Should You Be Monitoring Your Child's Internet Use?
Over the years, the age that the average child accesses the Internet [link to ‘Is there a best Internet plan’] has become younger and younger. Now, even babies are being handed tablets to use for playing games or watching TV [link to ‘Best Shows on Netflix’] and YouTube videos designed for children.
The debate over how much parents should be limiting or monitoring their child’s Internet use remains unsettled. Every parent and child is different. However, there are some tips and rules that tend to be widely endorsed by parents and experts.
Tips for monitoring your child’s internet use
The best way to monitor your child online changes as they get older. For example, more trust and privacy is expected as your child reaches their teenage years. Thus here are our tips, tailored to various age groups.
- Use programs like Net Nanny and in-built parental controls to shield your child from inappropriate material and to monitor the websites they visit
- Restrict the time your child spends online; the Australian Physical Activity and Sedentary Behaviour Guidelines recommend that the average child should spend less than 2 hours a day on a screen
- Where possible, sit with them while they are on a screen and talk to them about what they are seeing
- Continue to use programs and in-built settings for online security and surveillance
- Let your child know they can talk to you without being getting in trouble if something they see online makes them confused or uncomfortable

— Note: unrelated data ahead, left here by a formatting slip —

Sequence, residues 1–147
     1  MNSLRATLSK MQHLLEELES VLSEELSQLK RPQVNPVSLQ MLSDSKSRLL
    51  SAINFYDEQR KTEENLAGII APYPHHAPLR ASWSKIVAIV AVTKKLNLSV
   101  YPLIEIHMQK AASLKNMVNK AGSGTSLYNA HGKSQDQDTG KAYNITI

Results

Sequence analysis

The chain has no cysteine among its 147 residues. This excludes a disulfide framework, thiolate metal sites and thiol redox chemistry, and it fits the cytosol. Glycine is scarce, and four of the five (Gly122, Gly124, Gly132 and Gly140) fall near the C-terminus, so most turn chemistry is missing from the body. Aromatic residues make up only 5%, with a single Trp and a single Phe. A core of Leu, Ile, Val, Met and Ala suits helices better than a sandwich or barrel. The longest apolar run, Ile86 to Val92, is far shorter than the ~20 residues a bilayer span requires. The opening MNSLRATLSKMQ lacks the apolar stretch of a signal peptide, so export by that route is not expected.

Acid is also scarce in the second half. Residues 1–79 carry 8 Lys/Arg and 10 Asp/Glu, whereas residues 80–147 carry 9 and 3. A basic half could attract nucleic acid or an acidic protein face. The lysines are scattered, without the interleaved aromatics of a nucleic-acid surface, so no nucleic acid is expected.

At this age, your child might start using the Internet for social media.
- Have a thorough conversation with them about online bullying and respecting others online
- Talk to them about privacy and the information they should (and should not be) sharing online
At this age, monitoring your child’s Internet use can become more complicated. Teenagers start to value their privacy more than before and they may be able to bypass security programs to access unrestricted browsing.
- Make sure your child feels as though their privacy is respected
- Have open and direct conversations with your child about issues such as pornography, ‘sexting’ and interacting with strangers online
- Make sure your child understands what a ‘digital footprint’ is so they can make mature and educated decisions about what they put online
Many of the rules that we used to enforce for our children online are now too simple for the intricate online world. The blanket rule of “don’t talk to strangers online” doesn’t work in a world where we want to use eBay or Facebook marketplace to cheaply and efficiently make purchases, for example.
“Don’t share personal information online” doesn’t work either when children want to use social media to connect with their friends.
Advice from experts
Instead, the best advice for ensuring your child is safe online is to encourage them to talk to you if they ever get into trouble. Internet crimes investigator Detective Richard Wistocki refers to this as a “golden ticket”. He stresses the importance letting your child know they won’t get in trouble if they confess to you about using the Internet inappropriately or having a problem online.
It’s also important to remember that your child’s life and happiness offline is integral to the risks they will face online. As Elza Dunkels explains, “the most common common denominator among victims [of sexual predators and harassment online] that have been studied… is having a troubled life away from the keyboard.” This problem is not one that can be solved by compiling lists. Instead, as Dunkels states, “that’s more of an adult responsibility to see to it that every child has the same chance to feel good about themselves.”
The Internet does not only represent a risk. It is also a wonderful way for your children to access new education platforms and sources of entertainment. If your family needs help getting connected on the right plan, the experts at Compare & Connect can find your perfect plan for free.